A new antibiotic will soon be approved for skin and soft tissue infections (SSTIs): dalbavancin. The company behind the drug will likely begin marketing heavily to emergency physicians as many patients with SSTIs seek care in the Emergency Department (ED). However, should we seriously consider dalbavancin as an addition to an ED’s arsenal against SSTIs and should it change our practice?
Since we are talking about a new medication, my disclaimer: I have no conflicts of interest to disclose.
Dalbavancin: About the Drug
- Bacterial coverage: Think of it as vancomycin – great at covering gram + bacteria (including MRSA)
- Dosing: Two-dose regimen given once weekly as a 30 minute infusion
- Adverse events: Similar to any antibiotic (nausea, vomiting, diarrhea, rash)
Evidence Thus Far*
Two phase III trials were just completed (DISCOVER 1 and DISCOVER 2), where DISCOVER stands for “Dalbavancin for Infections of the Skin COmpared to Vancomycin at an Early Response.”
These non-inferiority trials have not been published in a peer reviewed journal at the time of writing this, but the data has been submitted to the FDA for approval.
|Population||Mostly white patients (~90%) needing at least 3 days of IV antibiotic therapy for SSTI (locations: North America, Europe, South Africa, Asia)|
|Intervention||Randomized double-blind once weekly dalbavancin x 2 weeks|
|Comparison||IV vancomycin for at least 3 days with an option to switch to linezolid PO to complete 10-14 days of therapy|
|Outcome (primary)||Halt of lesion spread and resolution of fever at 72 hours|
|Conclusions||Dalbavancin is non-inferior to IV vancomycin +/- linezolid|
Should we use dalbavancin in the ED?
The patients in DISCOVER 1 and 2 trials were all deemed to need 3 days of intravenous antibiotics. From an ED perspective, these patients are sick enough to be admitted. It is unlikely that emergency physicians will discharge a potentially septic patient with an obvious skin source regardless of the antibiotic’s week-long pharmacokinetics. We might be tempted to treat less sick SSTIs with dalbavancin – even those we would treat with POs and discharge home. However, in a patient with a stable SSTI we really shouldn’t be using ANY IV antibiotics, as I posted on ALiEM earlier.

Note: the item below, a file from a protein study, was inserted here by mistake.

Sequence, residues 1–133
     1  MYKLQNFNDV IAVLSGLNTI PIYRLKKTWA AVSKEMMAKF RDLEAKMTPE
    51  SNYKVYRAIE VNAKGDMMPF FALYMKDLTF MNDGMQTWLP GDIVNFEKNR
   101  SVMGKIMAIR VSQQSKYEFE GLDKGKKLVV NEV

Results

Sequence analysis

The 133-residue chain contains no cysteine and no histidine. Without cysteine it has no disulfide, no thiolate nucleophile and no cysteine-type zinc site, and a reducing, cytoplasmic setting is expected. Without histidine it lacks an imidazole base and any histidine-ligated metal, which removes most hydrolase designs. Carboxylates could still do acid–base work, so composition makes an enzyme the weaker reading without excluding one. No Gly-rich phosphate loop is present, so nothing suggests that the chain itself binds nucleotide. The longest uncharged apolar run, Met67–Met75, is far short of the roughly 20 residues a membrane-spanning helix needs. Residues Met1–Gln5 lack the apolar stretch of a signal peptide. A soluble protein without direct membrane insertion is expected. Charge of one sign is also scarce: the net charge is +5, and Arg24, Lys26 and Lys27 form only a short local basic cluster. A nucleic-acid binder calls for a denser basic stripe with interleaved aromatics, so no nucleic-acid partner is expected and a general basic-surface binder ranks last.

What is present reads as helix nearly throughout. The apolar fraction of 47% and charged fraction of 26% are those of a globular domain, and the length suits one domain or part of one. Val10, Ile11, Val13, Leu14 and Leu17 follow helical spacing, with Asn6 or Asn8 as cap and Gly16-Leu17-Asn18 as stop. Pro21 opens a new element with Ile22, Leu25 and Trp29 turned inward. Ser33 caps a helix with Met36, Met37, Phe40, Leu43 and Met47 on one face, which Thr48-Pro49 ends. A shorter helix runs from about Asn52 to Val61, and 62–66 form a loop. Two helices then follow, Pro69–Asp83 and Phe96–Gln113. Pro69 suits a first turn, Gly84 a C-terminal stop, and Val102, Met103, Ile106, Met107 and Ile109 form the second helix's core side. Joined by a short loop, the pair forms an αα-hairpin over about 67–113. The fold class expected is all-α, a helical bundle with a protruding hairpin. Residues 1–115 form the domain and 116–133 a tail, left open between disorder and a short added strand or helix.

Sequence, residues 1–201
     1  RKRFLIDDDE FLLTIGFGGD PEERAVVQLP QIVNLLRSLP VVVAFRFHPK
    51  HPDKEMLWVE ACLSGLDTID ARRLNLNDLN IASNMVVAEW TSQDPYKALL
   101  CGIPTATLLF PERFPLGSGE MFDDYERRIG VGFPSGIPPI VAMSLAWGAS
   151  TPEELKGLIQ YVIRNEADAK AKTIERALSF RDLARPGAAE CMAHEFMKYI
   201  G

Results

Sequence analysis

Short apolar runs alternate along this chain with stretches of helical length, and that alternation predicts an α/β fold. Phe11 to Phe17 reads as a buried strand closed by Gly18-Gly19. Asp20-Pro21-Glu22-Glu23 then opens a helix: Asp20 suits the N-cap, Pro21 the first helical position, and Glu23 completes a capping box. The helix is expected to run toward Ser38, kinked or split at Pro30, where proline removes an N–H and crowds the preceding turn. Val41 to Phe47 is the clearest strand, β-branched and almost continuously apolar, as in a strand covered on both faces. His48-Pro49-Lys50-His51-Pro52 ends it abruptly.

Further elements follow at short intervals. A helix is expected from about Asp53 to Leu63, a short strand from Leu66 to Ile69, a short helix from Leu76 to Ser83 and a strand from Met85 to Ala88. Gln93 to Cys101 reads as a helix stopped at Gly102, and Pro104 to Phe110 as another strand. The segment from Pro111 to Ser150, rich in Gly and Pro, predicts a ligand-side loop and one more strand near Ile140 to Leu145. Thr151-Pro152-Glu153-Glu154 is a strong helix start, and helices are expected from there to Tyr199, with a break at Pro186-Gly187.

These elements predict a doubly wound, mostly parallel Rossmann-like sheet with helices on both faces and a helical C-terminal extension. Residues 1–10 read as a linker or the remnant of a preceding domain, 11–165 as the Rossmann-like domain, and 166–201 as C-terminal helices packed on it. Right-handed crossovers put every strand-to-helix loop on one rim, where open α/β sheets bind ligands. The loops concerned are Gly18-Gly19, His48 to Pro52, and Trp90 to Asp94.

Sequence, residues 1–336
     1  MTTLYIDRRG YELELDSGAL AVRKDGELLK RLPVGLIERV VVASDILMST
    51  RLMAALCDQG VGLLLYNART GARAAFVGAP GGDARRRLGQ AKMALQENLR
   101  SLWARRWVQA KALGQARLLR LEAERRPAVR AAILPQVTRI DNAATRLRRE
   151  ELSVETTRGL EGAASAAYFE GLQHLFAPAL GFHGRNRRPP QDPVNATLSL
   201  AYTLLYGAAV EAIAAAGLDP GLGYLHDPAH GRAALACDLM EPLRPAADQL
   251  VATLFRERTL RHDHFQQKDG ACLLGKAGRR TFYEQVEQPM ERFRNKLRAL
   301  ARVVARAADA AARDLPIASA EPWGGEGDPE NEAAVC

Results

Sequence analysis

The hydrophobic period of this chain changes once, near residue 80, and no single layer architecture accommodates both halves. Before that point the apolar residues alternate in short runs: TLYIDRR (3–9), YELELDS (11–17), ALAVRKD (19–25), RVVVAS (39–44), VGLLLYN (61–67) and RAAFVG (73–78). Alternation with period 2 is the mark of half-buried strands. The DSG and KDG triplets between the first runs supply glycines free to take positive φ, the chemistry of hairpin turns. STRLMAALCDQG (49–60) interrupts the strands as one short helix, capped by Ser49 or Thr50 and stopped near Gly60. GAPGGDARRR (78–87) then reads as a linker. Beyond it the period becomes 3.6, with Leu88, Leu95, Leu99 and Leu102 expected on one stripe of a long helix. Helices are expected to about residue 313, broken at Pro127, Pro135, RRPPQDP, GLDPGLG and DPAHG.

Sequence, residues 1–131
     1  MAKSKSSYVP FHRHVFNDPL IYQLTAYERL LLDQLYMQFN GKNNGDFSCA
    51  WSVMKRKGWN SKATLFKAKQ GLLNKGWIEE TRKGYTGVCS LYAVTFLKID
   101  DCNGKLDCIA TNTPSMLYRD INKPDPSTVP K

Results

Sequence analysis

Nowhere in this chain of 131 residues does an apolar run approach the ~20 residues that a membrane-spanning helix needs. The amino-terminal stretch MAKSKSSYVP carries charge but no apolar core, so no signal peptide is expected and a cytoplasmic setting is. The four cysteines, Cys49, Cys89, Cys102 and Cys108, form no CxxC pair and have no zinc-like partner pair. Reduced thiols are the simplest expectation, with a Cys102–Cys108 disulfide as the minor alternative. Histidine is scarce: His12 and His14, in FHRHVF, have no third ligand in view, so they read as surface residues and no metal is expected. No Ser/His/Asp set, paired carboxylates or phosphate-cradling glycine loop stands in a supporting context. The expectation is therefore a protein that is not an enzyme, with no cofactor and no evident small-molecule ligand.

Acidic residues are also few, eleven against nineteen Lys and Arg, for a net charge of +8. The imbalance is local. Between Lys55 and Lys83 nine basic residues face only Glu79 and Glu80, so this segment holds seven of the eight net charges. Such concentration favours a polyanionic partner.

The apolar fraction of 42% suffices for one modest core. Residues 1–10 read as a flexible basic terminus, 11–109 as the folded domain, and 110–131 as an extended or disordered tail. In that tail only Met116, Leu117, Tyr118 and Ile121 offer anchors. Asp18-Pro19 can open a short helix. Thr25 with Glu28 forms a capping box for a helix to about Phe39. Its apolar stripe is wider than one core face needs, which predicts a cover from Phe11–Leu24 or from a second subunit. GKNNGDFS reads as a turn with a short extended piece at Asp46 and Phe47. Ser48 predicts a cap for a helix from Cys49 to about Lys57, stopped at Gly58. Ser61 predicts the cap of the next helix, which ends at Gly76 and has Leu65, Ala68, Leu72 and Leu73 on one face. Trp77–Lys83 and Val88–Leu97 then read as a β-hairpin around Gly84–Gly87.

Once weekly dosing of dalbavancin is attractive and could potentially eliminate some compliance issues with 10-14 days of BID-QID oral antibiotic therapy that we currently use. However, dalbavancin will require a second ED visit for a second infusion. It could be argued that patients with very poor compliance are just as unlikely to return to the ED for a follow up second infusion-visit as they are to take their oral antibiotics, especially if they defervesced and are feeling much better after three days.
One of the biggest factors, especially for county hospitals taking care of underserved or uninsured patients, is the cost. Pricing is still a secret; however, my colleagues and I have been quoted different prices, ranging from $1,000-2,500 per infusion, not accounting for costs of two ED visits and other non-medication related charges. The DISCOVER 1 and 2 trials have only shown that dalbavancin is non-inferior to standard care for admitted SSTIs: much less expensive IV vancomycin followed by an oral antibiotic. Although linezolid was the subsequent oral antibiotic studied in these trials, there is no reason why using bug susceptibilities to choose another inexpensive oral antibiotic (like trimethoprim/sulfamethoxazole) would be inferior.
There may be a place for dalbavancin in the treatment of gram positive infections, but just not in the ED. Although no data exists yet on osteomyelitis, dalbavancin could theoretically spare patients from central line placements and prolonged home antibiotic infusions.
Antibiotics are not high-profit medications. Any company who invests resources to study a new antibiotic in the age of multi-drug-resistant bugs should be commended. That being said: Dalbavancin is not an antibiotic that should be first or second line treatment for SSTIs in the ED. Even if the company adjusts the price to <$100 per dose, hospital antimicrobial stewardship programs need to rationalize and limit the use of this new antibiotic for cases when cheaper non-inferior treatments have failed. Advertisers’ persuasion of better compliance for “high-risk patients,” convenience, and non-inferiority, are not enough to challenge the standard care of SSTIs in the ED.
Would love to hear your thoughts.
*The available data on dalbavancin is limited as it is not published. The PICO was synthesized using limited information available from the manufacturer’s abstract posters.